Derailment prevention initiatives are fundamental to safe train operations at Union Pacific. There are several approaches to accomplishing this work. Union Pacific utilizes technology, optimal response and maintenance methodologies, and an aggressive capital renewal strategy to help keep trains on the tracks. And it’s working. Comparing last year to 2019, total derailments on Union Pacific have declined by 21%.
Enhanced Defect Detection Leverages Technology
Union Pacific’s robust network of more than 7,000 wayside detection devices monitor the condition of freight cars and locomotives in real time. These wayside detectors are electronic sensors installed along the tracks used to measure strain, temperature, acoustic signature and dimensions of various components such as bearings, wheels, trucks and braking systems.
These alerts are used to drive UP responses to determine safe handling and repair of rolling stock. Robust use of wayside detectors vastly improves proactive risk identification and enhances repair capabilities.
Among types of wayside detectors:
- Hot Box Detectors measure bearing temperatures on trains passing over the detectors. HBDs have local “talker” capabilities where the detector directly notifies the passing train crew of hot bearings on the train.
- Wheel Temperature Detectors measure the temperature of the wheel plate. Wheel temperature data is used to identify braking issues such as sticking brakes, handbrakes left on or ineffective brakes.
- Acoustic Bearing Detectors consist of microphones that record sound signatures of bearings on a passing train. The acoustic signatures identify internal bearing defects and provide proactive capabilities to identify and remove potential hot bearings.
- Wheel Impact Detectors are a collection of strain gages welded to the rail that measure strain when wheels pass over the strain gage cribs. These detectors measure force exerted by an out-of-round wheel or wheels that might be progressing toward breakage failure.
- Wheel Profile Detectors use lasers to measure wheel shapes. Normal interaction of wheels with rails causes the wheels to wear, and these detectors determine the amount of wear and provide the ability to address it in a timely manner.
- Machine Vision Systems capture images of rolling stock. These images are processed and analyzed using machine learning and artificial intelligence to identify abnormal or defective component conditions.
Comprehensive Data Identifies Risk and Response
The wayside detectors described above generate more than 16 million data points every day on Union Pacific. This comprehensive information – temperature, vibration, stress/strain, acoustics, vision and shape -- provides a holistic evaluation of equipment condition and sets the stage for required action. The conditions are sent as “Alerts” belonging to specific cars. Based on the severity of the alert, the appropriate risk-based response is taken:
- Stop train immediately
- Repair at next location
- Repair at planned maintenance event
- Monitor and track for trending
Timely and optimal response to identified equipment conditions helps address risk with minimal interruption to customer shipments and keeps trains on track to their destination. Additionally, we share alerts and health summaries with other railroads, railcar owners, and the Association of American Railroads (AAR).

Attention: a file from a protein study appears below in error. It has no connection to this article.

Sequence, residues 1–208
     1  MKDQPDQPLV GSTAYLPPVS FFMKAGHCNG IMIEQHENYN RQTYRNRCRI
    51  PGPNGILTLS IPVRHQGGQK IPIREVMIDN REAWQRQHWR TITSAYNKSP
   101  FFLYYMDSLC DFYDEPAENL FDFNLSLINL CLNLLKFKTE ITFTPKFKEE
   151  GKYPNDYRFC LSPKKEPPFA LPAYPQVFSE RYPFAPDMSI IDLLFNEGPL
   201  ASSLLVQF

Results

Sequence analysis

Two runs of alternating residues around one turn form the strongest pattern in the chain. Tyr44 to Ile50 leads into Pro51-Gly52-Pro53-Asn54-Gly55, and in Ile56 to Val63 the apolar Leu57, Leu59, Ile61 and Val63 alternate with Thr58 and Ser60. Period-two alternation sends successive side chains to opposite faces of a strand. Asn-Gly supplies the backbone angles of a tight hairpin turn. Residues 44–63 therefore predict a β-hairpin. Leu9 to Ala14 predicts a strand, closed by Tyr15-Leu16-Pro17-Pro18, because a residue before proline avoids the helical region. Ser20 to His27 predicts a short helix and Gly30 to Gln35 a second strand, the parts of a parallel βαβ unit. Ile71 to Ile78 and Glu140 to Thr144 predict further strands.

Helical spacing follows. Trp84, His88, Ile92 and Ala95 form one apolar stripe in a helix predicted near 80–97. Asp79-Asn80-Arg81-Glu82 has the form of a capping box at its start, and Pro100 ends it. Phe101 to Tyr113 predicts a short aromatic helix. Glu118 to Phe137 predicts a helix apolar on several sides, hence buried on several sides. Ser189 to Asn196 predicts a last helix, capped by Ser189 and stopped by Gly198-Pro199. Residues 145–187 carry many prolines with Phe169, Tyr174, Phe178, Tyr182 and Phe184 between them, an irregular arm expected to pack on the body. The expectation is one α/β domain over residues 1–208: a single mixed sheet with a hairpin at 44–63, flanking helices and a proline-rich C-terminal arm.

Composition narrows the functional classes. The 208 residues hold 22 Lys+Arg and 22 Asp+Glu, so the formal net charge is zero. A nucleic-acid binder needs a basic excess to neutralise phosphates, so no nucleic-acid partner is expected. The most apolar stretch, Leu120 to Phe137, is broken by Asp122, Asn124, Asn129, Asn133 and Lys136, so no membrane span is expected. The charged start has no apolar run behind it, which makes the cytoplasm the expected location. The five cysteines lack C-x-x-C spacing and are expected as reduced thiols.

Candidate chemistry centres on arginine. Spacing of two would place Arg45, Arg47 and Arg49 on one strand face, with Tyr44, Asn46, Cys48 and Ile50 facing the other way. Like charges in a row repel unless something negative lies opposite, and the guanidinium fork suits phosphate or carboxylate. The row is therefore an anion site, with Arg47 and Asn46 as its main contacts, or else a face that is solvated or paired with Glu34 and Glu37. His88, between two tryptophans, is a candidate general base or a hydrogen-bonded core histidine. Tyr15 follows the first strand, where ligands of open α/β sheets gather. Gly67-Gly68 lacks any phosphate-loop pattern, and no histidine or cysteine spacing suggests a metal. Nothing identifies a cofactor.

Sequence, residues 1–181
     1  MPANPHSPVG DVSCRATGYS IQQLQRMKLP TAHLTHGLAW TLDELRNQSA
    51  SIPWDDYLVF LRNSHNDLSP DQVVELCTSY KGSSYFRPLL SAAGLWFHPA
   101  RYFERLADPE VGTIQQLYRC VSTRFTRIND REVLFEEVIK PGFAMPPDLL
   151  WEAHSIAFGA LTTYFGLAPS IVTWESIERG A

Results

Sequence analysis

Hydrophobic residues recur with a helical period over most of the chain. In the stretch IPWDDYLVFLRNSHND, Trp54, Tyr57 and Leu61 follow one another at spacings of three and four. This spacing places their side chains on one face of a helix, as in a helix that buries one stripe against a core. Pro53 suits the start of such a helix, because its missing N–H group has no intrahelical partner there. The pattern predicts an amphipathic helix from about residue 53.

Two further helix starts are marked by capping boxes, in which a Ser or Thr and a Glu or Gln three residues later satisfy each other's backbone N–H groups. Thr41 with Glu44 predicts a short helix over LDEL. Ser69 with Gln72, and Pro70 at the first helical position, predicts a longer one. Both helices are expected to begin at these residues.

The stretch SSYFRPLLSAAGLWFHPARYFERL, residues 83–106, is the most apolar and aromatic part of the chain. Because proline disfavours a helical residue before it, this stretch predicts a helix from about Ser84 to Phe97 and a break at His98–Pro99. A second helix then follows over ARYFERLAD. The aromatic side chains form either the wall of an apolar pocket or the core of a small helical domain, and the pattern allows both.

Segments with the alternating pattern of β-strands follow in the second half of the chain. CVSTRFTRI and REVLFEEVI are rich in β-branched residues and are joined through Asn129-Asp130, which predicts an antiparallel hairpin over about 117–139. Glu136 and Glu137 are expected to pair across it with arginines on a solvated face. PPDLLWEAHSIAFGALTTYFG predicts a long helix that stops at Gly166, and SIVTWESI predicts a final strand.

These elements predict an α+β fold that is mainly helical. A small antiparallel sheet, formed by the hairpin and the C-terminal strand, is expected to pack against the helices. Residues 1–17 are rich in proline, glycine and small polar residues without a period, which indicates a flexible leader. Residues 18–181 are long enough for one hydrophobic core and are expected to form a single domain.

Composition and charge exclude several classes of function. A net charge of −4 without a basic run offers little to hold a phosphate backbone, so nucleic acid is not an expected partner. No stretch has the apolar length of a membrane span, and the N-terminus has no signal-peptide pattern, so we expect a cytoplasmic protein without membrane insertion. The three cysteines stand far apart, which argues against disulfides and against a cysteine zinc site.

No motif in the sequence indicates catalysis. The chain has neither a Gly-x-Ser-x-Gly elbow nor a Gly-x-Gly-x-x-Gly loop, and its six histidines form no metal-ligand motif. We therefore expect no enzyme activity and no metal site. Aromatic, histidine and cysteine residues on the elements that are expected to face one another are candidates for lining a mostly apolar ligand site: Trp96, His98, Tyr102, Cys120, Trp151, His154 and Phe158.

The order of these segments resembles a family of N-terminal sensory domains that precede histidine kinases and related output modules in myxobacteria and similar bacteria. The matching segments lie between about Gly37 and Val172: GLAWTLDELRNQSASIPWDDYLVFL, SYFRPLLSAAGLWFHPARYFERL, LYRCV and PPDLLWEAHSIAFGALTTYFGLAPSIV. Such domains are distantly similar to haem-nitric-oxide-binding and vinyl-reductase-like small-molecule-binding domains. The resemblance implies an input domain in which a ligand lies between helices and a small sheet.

Track-Related Derailment Prevention Is Continuous Process
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Track-related derailment prevention is the forefront of what Union Pacific’s engineering department does every day, and in the last 10 years Union Pacific’s track-caused derailments have seen a 55% reduction. While that is an accomplishment to be proud of, it has not stopped us from continuing to use training and technology to drive that number to zero. Derailment prevention occurs many ways, but when it comes to track, it boils down to inspection, assessment, and capital renewal.
Inspection is the process of finding non-compliant conditions and applying the 3 Rs: Repair, Restrict and Remove. Every year the engineering team is visually inspecting 4.5 million miles with our track inspection team, and over 430,000 miles with our geometry inspection fleet consisting of locomotives, boxcars and operated vehicles. We will also test over 60,000 miles of rail flaw inspection with our Detector Car fleet. The urgent items are relayed to our field teams for repairs, the rest of the data is used to drive our longer team maintenance planning.
Assessments are a maintenance planning tool. There is an immense amount of data coming from our geometry fleet, most of which allows for proper surfacing plans to be executed to repair conditions before they become defects. Another example of assessment is our tie assessment team, and in 2023, this team will assess 6,000 miles of ties. The same type of analysis goes into our rail planning. The data collected from the rail flaw inspection determines optimal locations for rail replacement.
The engineering department’s capital renewal program is at the heart of our long-term derailment prevention strategy. In 2023, we will spend $1.9 billion dollars for capital renewal. Unlike inspection that is focused on immediate repairs, the capital replacement strategy is fed by our assessment program to target renewals at the right place, at the right time.
Safety Is Always at the Forefront
These are a few examples of the multiple safeguards supporting Union Pacific’s derailment prevention efforts. Our teams are constantly evaluating new technologies, materials that provide improved performance, and equipment and procedures that will improve repairs. We are deeply committed to continuously improving our approach to derailment prevention; its success is the foundation of safety in everything we do.
This is part two of a series of Insights essays focused on rail transportation safety at Union Pacific. Read the first essay, published Feb. 20, 2023.